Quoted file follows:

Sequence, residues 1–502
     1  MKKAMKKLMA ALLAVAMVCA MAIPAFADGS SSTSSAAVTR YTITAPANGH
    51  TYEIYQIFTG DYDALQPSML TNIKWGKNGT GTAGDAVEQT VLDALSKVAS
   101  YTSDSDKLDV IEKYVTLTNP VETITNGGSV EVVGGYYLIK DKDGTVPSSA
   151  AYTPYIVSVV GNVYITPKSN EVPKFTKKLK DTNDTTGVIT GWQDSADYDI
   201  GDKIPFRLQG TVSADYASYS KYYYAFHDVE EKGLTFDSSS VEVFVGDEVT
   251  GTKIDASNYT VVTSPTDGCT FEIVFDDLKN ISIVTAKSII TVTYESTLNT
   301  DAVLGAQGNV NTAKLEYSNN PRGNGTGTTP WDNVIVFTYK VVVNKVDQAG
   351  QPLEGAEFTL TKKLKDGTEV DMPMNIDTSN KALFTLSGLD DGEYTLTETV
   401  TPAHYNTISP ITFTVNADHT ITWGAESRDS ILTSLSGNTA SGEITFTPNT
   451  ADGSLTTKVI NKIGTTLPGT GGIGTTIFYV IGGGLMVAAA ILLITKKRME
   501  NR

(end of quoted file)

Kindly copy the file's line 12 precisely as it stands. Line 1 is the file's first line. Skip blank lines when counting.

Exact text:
   501  NR